Very early on I was given the task to figure out how the panels and cables should look like. I was still trying to grasp the complexity of the puzzles and symbols and far from realizing that this would become as complex as any area of the island, keeping me busy for the next 4 years, all the way to release.
This task felt like one of hardest due to the constant evolving design and changes, it also extended to the vault boxes, lasers and controllers, basically anything that has a panel you can trace.
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My first step was to try and understand all the symbols, the colors, and how much room there was to change them. Jonathan was pretty open about it as long as it made sense, so I decided to just try stuff, share with the team and see how they reacted. Here are some of my early attempts.
I realized that the added complexity was interesting but was mostly ‘noise’. If a player is stuck on a panel for three hours, and might start questioning everything, the last thing we want is to make him start paying attention to non important details. The panel itself was kept as simple as possible almost unchanged from the original design, just slightly more elegant and refined.
The bulk of the work became the frame, matching the utility of the panel itself. After some interesting discussions with the architects, I approached the problem in a realistic way, trying to imagine how these would have actually been built. Whoever created them would not be making a unique one every time, he would re-use as much as possible.
With that in mind, I started simple, looking at real world monitors, see how they are assembled, what are the details that give a sense of scale, etc.
Just like the Entry Area wasa testing ground for most art, this first panel ended up being the lab rat and the starting point for the other panels.
It’s a basic monitor, attached to a sturdy metal pillar and a metal base to make sure it doesn’t feel like you can move it. It’s clean, detailed enough to read as metal but simple enough to let the screen stand out.The white borders allow for the panel to still call attention to itself if turned off.
It can also appear in a row, using the same design with just added pillars for support.
And another long beam on the back.
For variety, and to help distinguish certain types of puzzle, there are sometimes variations on the frame. In this example, it isn’t attached to anything.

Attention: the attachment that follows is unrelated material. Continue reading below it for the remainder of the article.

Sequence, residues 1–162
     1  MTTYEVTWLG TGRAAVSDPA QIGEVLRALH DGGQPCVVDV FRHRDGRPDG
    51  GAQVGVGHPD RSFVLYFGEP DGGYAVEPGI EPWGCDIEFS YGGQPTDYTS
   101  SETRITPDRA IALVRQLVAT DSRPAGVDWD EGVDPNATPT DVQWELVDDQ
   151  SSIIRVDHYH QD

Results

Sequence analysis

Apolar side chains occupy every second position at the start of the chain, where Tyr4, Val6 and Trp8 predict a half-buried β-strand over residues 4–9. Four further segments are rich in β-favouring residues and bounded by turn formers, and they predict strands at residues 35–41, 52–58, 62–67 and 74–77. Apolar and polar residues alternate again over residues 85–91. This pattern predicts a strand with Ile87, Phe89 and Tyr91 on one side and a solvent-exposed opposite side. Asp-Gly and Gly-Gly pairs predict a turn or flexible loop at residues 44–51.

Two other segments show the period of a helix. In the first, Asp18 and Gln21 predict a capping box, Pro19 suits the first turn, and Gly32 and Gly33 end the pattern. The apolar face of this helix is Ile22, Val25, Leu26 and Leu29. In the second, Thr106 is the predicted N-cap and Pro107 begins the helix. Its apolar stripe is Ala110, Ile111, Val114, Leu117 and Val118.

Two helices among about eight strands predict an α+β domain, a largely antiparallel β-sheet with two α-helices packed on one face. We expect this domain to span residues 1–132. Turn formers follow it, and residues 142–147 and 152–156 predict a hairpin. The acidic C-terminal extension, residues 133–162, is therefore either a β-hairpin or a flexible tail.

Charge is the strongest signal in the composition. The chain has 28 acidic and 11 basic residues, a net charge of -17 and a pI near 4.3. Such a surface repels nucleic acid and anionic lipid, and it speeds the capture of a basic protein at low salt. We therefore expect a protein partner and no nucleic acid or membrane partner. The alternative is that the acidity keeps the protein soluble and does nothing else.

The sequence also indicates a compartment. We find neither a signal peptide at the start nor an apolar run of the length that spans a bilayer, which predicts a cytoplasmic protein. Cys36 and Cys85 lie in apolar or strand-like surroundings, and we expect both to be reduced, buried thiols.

Or here, we have older monitors. Maybe these were designed first?
As you go through the island, the same model has attachments or modifications. In this case, an added side panel:
Or if needed, a complete new type of technology but still using the same support:
Using the same principles when in a row:
When the puzzle concept changes, it usually required the panels to change too. In the desert ruins for example, they needed to be bigger while still feeling feasible, so the framing became very thin:
The attachment system on the back evolved, to show they can rotate. Eric ended up designing some cool variations for these.
The forest for example required them to be camouflaged:
Another type of panel, are the controllers. They are puzzle panels, but used to control objects like doors, bridges, etc. Very early on you actually had buttons you would press for certain actions, but Jonathan eventually unified the panel language to also do this.
For the controller I tried to get a feeling of something bulkier, like a refactored factory console that would feel distinct from a puzzle panel:
Just like the normal panels, they can have variations, when hanging to a wall:
Or if they control something specific, like the boat:
These were a very unique challenge! Not only coming up with a feasible reason for how they would work, but figuring out the folding and unfolding, the bones and the animation system.
There were a lot of diagrams like these:
And videos like the one below. Notice that there are actually 2 panel types, A and B, depending in they are back facing or forward facing each other. Also the S (starting panel) as a slightly different set of animations.
And here is how they look in-game:
Colored Lights Panels
The ‘Colored Lights Building’, where we have all the funky plants, had to convey the concept that the colors dots were not being projected by the panel, but were painted, and so affected by lighting. The final version was kind of a big metal plate, where you could place graph paper behind a custom metal framed panel. The narrative being that you can just change graph paper, paint new dots, etc.
The initial set is painted blue so the color change, when you look through color filter glass, is more obvious.
You then have variations with white paper and different panel sizes, ending with everyone’s favorite puzzle, the elevator controller:
The design for these barely changed, so it was more trying to figure out a way for them to feel elegant and integrate nicely with the environment.